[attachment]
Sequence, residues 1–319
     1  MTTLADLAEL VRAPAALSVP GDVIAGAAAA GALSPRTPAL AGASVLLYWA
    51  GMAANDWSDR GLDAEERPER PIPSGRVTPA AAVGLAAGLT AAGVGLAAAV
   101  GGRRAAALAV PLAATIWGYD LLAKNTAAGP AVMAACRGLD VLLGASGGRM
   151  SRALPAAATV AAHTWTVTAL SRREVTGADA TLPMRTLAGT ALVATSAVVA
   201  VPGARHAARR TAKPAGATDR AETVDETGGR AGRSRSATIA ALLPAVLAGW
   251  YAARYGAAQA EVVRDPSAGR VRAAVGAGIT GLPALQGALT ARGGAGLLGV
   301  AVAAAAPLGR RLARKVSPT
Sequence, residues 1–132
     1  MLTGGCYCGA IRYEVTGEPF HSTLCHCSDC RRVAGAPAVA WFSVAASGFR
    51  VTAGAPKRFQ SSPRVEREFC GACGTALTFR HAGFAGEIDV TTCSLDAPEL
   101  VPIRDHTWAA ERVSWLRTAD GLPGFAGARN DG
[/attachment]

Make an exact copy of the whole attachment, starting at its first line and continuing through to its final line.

Sequence, residues 1–319
     1  MTTLADLAEL VRAPAALSVP GDVIAGAAAA GALSPRTPAL AGASVLLYWA
    51  GMAANDWSDR GLDAEERPER PIPSGRVTPA AAVGLAAGLT AAGVGLAAAV
   101  GGRRAAALAV PLAATIWGYD LLAKNTAAGP AVMAACRGLD VLLGASGGRM
   151  SRALPAAATV AAHTWTVTAL SRREVTGADA TLPMRTLAGT ALVATSAVVA
   201  VPGARHAARR TAKPAGATDR AETVDETGGR AGRSRSATIA ALLPAVLAGW
   251  YAARYGAAQA EVVRDPSAGR VRAAVGAGIT GLPALQGALT ARGGAGLLGV
   301  AVAAAAPLGR RLARKVSPT
Sequence, residues 1–132
     1  MLTGGCYCGA IRYEVTGEPF HSTLCHCSDC RRVAGAPAVA WFSVAASGFR
    51  VTAGAPKRFQ SSPRVEREFC GACGTALTFR HAGFAGEIDV TTCSLDAPEL
   101  VPIRDHTWAA ERVSWLRTAD GLPGFAGARN DG